Takaful insurance is growing 35% faster than conventional insurance worldwide, and is poised to become an $11 billion market by 2015. This information comes from Ahmed Al Janahi, managing director of Noor Takaful, at the 4th Annual World Takaful Conference, which opened in Dubai yesterday.

Many of the statistics mentioned come from Ernst & Young’s World Takaful Report 2009, which was unveiled at the conference. The report notes that global Takaful contributions have risen to $3.4 billion in 2007, as compared to $2.5 billion in 2006. Saudi Arabia, with contributions totaling $1.7 billion in 2007, and Malaysia, with $797 million, are the top two Takaful markets worldwide.

Compared to the reported losses of almost $350 billion of conventional insurers and government supported enterprises in the Americas, Europe and Asia, the Takaful market has largely shown resilience in the current economic downturn.

However, the last quarter of 2008 has seen a decline in the returns-on-equity of major Takaful operators. As a consequence, Takaful operators are increasingly concerned with the strategic, operational, compliance and financial risks they face today.

“The global downturn has affected everyone and Takaful is not immune,” says Omar Bitar, managing partner, Advisory Services, Ernst & Young Middle East. “Takaful operators now need to better manage their costs in a more challenging market as the risk landscape has changed substantially. Investment portfolios, human resource expertise and competition will be their most pressing business risks over the coming 12 months. Operators will also need to reassess their core business, move away from a reliance on high-risk investment returns and focus on achieving underwriting profit.”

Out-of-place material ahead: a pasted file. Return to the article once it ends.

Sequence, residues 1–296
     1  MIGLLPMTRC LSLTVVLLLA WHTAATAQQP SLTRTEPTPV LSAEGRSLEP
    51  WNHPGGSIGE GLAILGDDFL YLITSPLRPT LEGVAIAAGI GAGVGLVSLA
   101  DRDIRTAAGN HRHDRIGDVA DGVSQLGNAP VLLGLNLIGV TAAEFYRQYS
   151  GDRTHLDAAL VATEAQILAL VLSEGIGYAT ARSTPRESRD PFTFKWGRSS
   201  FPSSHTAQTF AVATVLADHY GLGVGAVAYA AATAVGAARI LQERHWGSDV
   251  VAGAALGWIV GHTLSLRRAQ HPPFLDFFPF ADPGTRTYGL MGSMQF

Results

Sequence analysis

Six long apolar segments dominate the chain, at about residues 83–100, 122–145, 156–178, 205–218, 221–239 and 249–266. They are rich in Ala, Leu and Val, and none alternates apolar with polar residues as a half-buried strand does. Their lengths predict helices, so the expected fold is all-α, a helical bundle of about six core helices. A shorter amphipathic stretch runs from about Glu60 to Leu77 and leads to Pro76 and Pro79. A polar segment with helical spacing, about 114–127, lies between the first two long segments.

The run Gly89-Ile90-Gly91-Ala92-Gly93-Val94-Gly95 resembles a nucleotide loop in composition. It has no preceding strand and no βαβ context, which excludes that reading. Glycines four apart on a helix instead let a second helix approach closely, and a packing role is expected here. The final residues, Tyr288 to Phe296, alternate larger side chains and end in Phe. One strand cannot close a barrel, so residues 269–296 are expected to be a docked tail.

Favorable demographics, increased income earnings, the propensity to consume and changing social attitudes toward insurance are the fundamental long-term demand drivers of Takaful, according to Ernst & Young. A young population in core Takaful markets will need more coverage as government subsidies decrease and more families require private coverage. Regulatory support and framework, insurance legislation and compulsory coverage will facilitate its growth in the medium term.

“Takaful markets now span much of the globe but there still exists a large, expanding and untapped Muslim population on almost every continent,” says Sameer Abdi, head of Ernst & Young’s Islamic Financial Services Group. “We estimate that the global Takaful market could be as high as $7.7 billion by the end of 2012.”

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